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The impact of the benefit on the poverty rate is calculated as the difference between the actual and the counterfactual poverty rates arthritis back cracking order trental line. We estimated how much higher the poverty rate would be if a program were eliminated but nothing else changed symptoms of arthritis in back of knee order 400 mg trental otc. This cumulative approach began by determining a poverty rate in the absence of all programs or transfers-that is arthritis in dogs licking buy trental 400 mg line, what the poverty rate would be based on private market income alone30-or the pretransfer poverty rate arthritis pain relief in knuckles purchase line trental. Public benefits were then added sequentially to private income, and the poverty rate was recalculated after each addition. Thus, the cumulative approach shows the incremental contribution of each program to the total poverty-reducing impact of government programs. Medicare, Social Security Disability Insurance, and Supplemental Security Income transfer large benefits to people with a disability. To focus on the general low-income population whose members do not receive these benefits, we mostly examined poverty rates for people in households with no recipients of disability payments. Poverty scholars measure the depth of poverty by the poverty gap, defined as the amount by which the resources of the poor fall below the poverty threshold. This is important because all transfer programs combined are not enough to remove some low-income households from poverty. Poverty gap accounting starts with the pretransfer poverty gap (the share of needs that is not met by private income) for people who would be poor in the absence of government transfers. The value of government programs is then added sequentially to resources to show the share of needs that each program meets. Consequently, the order in which benefits are added can influence estimates of their relative contributions to poverty reduction: Resources added later in the accounting process will have smaller effects on the gap than those added earlier. In contrast, order does not matter for the one-at-a-time approach to estimating the effect of a single program on the poverty rate. Employer-sponsored health insurance is considered private income, although it is subsidized by preferential tax treatment-resulting in $155 billion in federal tax expenditures annually. The health insurance need raises the poverty threshold by about $12,000 per household, on average, which represents nearly one-third of the overall healthinclusive poverty threshold. All else being equal, raising the poverty threshold increases the pretransfer poverty rate, while adding health insur- ance benefits to resources decreases the posttransfer rate. To obtain needed health care, insured people must pay for cost sharing, such as deductibles. The pretransfer poverty rate should show whether pretransfer income is sufficient to cover all needs: material (such as food and shelter), health insurance, and cost sharing. Therefore, for poverty gaps and cumulative rate accounting, we added cost-sharing needs to the threshold, instead of subtracting them from resources. Results for posttransfer poverty rates and one-at-a-time accounting would be mathematically identical whether we added cost-sharing needs to the thresholds or subtracted them from resources. First, we were unable to account for the direct impact of cost-sharing subsidies or richer Medicaid plans. Second, our methods did not incorporate behavioral responses to changes in social programs. For example, if Medicaid benefits or premium subsidies were cut, people might be more motivated to seek a job from an employer offering insurance, or employers might be more likely to offer insurance. Overall, the healthinclusive poverty rate was modestly higher than the supplemental and official poverty rates (16. Government Programs Exhibit 1 & Policies Health-inclusive poverty rates and impacts of health insurance and public benefits on those rates for people younger than age 65, by selected characteristics, 2014 Poverty rates Impacts of health insurance and public benefits from cumulative accounting (percentage points) Official poverty rated 15. Cumulative accounting examines how the health-inclusive poverty rate changes as categories of programs are added in turn. Impacts are differences between the health-inclusive poverty rate before and after adding each category of benefits to resources. Threshold includes costsharing needs (expenditures on care, capped at the applicable level). We show the results for the eligible uninsured, both crediting and not crediting them with subsidies.
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This symposium highlights the tailoring methods and outcome data from 3 health programs conducted in partnership with 3 different minority communities (American Muslims arthritis medication enbrel order trental now, Baptist African Americans arthritis medication that starts with l generic trental 400 mg with visa, and Native Hawaiians) arthritis in neck horse buy trental. The projects conducted with American Muslims and African Americians deployed religious tailoring methods to improve cancer screening and healthy eating arthritis pain at rest order trental, while the project with Native Hawaiians entailed cultural adaptation of a weight-loss program for the work setting. Throughout the presentations and in the subsequent discussant commentary the symposium will aim to highlight the cross-cutting nature of the projects and describe generalizable knowledge regarding community-engagement and program development. At the same time presenters will reflect on the critical questions emerging from their experiences about the theoretical bases and practice exercises of "tailoring" so as to spur further development in the field. A particular challenge in eliminating these obesity disparities is improving the maintenance of weight loss and creating costeffective interventions. Participants were recruited from the employees of 15 Native Hawaiian-serving organizations. Employees (n=166) completed the study with the majority being female, Native Hawaiians or other Pacific Islanders, and dollege educated. Measures included weight, height, blood pressure, dietary fat intake, physical activity frequency, and physical functioning. Results will present initial weight loss (baseline to 3-month assessment), weight loss maintenance (3-month to 12-month assessment), and overall predictors of weight loss at 12-month assessment. Moreover, early screening and identification in primary care, along with novel strategies for providing links to mental health services may reduce both the incidence and impact of mental health and behavioral concerns. However, current practices in clinical settings frequently neglect to identify at-risk youth or to provide services early in order to prevent psychosocial factors from interfering in care, health outcomes, and quality of life. In order to address this problem, psychologists and physicians working with a variety of illness populations have identified novel ways in which to identify youth at risk for psychosocial difficulties or at high risk for acquiring preventable illness by virtue of their behavior, and integrate treatment of psychological concerns as part of medical care. The current symposium will address first via a presentation by the chair, how psychosocial factors affect youth with chronic illness or increase risk for disease, and then present a variety of approaches for early identification, referral, and treatment across various populations. Specifically, the first presentation will describe the implementation of mental health screening tools for use by physicians in specialty care clinics such as sickle cell disease and food allergy. The second presentation will describe screening for the presence of neurological disorders amongst high-risk youth. Finally, the third presentation will describe methods for mental health screening in primary care settings, as well as an innovative system for linking high-risk youth with mental health services. Each presentation will highlight innovative strategies for implementing these screenings that could be translated into other settings or across a variety of populations, as well as challenges and directions for future research and clinical efforts. Methods: Interview data from women aged 40 and older sampled from organizations that cater to African American, Arab and S. Asian Muslims was used to map out where religious beliefs and values impact salient behavioral, normative and control beliefs regarding mammography. In concert with a multi-disciplinary and multi-sectoral advisory board, each belief was assessed with regards to the opportunity for religiously tailoring and potential messages discussed. Results: 50 women participated in focus group discussions and 19 in semistructured individual interviews. The majority of salient beliefs, both barriers and facilitators, were amenable to religious tailoring. In general, and in coherence with the Theory of Planned Behavior, religion-related barrier beliefs were addressed by (i) introducing another religious belief that may have greater resonance with participants, (ii) reframing the belief such that it is consistent with the health behavior desired, and (iii) using a religious scholar to "invalidate" the belief. For example, beliefs about physical pain related to mammography (a barrier) was reframed to suggest that related to good deeds are rewarded by God. Similarly, fatalistic notions about health were addressed by discussions of the orthodox and heterodox doctrines of determinism. Discussion: While there is much potential to leveraging religion to promote beliefs that are health promoting and are consonant with religious theology, there also is an opportunity to co-opt religious teachings and religious authorities in the service of health and medicine. As health behavior interventions move from being faith-placed to faith-based, there is great need for conversation about theoretical bases and practical aspects of delivering messages that are embedded within a religious worldview and the ethics of doing so. In the full sample, most patients were African-American (55%), followed by Caucasian (23%) and African (10%). Hardy, PhD Background: Despite decades of research, we do not fully understand the nature of neuropsychological deficits associated with many medical conditions, their relation to disease or treatment variables, when they develop, and how they evolve over time. This has limited our ability to develop appropriate treatments to prevent or mitigate cognitive difficulties in these vulnerable populations. Innovative methods of monitoring neuropsychological functioning over time are critically needed in order to improve psychosocial outcomes. Methods/Results: Based on public health and clinical-decision making approaches to care, we developed a model of neuropsychological evaluation that provides a risk-adapted level of assessment to individuals with medical conditions known to impact the central nervous system.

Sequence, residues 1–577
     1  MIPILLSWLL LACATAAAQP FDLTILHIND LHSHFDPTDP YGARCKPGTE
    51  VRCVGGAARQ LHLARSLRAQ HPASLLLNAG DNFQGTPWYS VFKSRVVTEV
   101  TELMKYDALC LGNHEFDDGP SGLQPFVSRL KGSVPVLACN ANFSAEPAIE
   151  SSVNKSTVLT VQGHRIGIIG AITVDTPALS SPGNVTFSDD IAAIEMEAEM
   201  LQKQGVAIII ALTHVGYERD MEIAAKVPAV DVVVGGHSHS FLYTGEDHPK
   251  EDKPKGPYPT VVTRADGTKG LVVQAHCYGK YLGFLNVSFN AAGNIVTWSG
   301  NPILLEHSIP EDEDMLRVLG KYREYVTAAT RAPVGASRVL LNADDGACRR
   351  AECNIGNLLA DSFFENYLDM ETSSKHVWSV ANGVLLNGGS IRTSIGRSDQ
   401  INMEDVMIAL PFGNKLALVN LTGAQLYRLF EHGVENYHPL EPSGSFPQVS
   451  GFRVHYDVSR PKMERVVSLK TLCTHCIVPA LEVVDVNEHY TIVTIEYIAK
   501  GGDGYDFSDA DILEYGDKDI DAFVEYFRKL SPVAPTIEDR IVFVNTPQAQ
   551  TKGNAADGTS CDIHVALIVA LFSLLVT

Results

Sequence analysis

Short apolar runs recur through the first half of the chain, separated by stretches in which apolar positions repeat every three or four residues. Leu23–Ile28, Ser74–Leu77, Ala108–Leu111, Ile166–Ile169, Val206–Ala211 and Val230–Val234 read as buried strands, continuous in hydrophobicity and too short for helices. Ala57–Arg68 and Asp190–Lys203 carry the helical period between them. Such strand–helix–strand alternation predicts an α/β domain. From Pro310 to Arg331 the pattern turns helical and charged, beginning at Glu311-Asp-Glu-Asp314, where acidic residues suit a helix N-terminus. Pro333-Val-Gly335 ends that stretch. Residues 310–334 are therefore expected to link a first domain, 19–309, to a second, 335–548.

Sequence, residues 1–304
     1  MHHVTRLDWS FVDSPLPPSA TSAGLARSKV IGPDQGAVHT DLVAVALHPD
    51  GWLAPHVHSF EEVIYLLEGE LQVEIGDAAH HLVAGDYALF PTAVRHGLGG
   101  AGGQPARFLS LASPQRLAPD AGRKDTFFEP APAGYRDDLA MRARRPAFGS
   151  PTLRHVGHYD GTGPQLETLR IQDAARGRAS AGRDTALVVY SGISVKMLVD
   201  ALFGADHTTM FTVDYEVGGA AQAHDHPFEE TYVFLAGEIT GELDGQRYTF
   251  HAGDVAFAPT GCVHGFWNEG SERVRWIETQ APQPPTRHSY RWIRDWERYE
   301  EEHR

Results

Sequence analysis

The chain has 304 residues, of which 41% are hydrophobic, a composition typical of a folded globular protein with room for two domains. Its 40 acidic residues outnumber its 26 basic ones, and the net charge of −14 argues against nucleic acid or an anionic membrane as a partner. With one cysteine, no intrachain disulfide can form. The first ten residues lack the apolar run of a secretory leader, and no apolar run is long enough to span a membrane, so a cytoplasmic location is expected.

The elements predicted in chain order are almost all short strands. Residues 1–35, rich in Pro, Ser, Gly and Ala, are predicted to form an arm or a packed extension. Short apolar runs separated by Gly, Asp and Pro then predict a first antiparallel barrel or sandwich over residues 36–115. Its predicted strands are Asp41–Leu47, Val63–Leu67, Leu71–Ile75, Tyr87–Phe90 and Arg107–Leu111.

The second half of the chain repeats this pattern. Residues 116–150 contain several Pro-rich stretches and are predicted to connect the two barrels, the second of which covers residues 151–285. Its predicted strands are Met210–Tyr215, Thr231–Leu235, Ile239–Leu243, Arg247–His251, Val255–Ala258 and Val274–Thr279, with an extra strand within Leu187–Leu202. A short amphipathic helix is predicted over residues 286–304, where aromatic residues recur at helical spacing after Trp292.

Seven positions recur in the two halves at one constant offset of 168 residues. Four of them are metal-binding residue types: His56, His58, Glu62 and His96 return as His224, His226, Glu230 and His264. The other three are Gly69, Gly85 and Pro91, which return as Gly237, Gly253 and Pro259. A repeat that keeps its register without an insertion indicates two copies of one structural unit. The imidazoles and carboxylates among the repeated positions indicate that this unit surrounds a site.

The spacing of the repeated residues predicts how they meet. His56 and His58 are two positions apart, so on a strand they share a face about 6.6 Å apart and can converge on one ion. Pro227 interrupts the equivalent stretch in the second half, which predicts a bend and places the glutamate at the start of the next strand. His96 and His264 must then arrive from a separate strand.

By demonstrating that transportation barriers lead to missed appointments arthritis paleolithic diet order trental 400 mg, poorer medication adherence arthritis diet gluten free cheap trental 400mg without prescription, and thus poorer diabetes or blood pressure control arthritis in knee support purchase trental with american express, transportation barriers could be more strongly linked to health access and outcomes arthritis in back home remedies buy trental on line amex. Conclusion Transportation barriers to health care access are common, and greater for vulnerable populations. The studies reviewed may help guide both the design of interventions that address transportation barriers and the choice of measures used in assessing their effectiveness. Future studies should focus on both the details that make transportation a barrier. Such studies would help clarify both the impact of transportation barriers and the types of transportation interventions needed. Millions of Americans face transportation barriers to health care access, and addressing these barriers may help transport them to improved health care access and a better chance at improved health . Shannon Zenk and Kathy Korytkowski for their editing and support in the preparation of this manuscript. Studies with an exclusive focus on screening, prevention, and prenatal and pregnancy care were not evaluated and may have different findings. A majority of the studies used cross-sectional designs thus making cause and effect conclusions difficult (Table 1). The diversity of demographic, geographic, social variables, and outcome measures also make study-to-study comparisons difficult. Efforts to generate a valid measure of transportation barriers for consistent measurement may help to perform future meta-analyses across studies. Prospective studies of local changes in transportation options may also help contribute to the evidence, and although randomized trials would help isolate the impact of transportation interventions they would be impractical to execute . Healthcare barriers among severely mentally ill homeless adults: Evidence from the five-site health and risk study. Listening to rural hispanic immigrants in the midwest: A community-based participatory assessment of major barriers to health care access and use. Tackling the wider social determinants of health and health inequalities: Evidence from systematic reviews. Perceived barriers to health care access among rural older adults: A qualitative study. Determinants of treatment adherence in ethnically diverse, economically disadvantaged patients with rheumatic disease. What prevents people with chronic obstructive pulmonary disease from attending pulmonary rehabilitation Health services access and use among older adults in North Carolina: Urban vs rural residents. Reported difficulties in access to quality care for children with asthma in the inner city. The impact of competing subsistence needs and barriers on access to medical care for persons with human immunodeficiency virus receiving care in the United States. Delays and unmet need for health care among adult primary care patients in a restructured urban public health system. Healthcare disparities for American Indian veterans in the United States: A population-based study. Practical barriers to timely primary care access: Impact on adult use of emergency department services. Cross-disability experiences of barriers to health care access: Consumer perspectives. Barriers and bridges to care: Voices of homeless female adolescent youth in Seattle, Washington. Rural residents with disabilities confront substantial barriers to obtaining primary care. Inpatient to outpatient transfer of diabetes care: Perceptions of barriers to postdischarge followup in urban African American patients. Access to care for children of migratory agricultural workers: Factors associated with unmet need for medical care.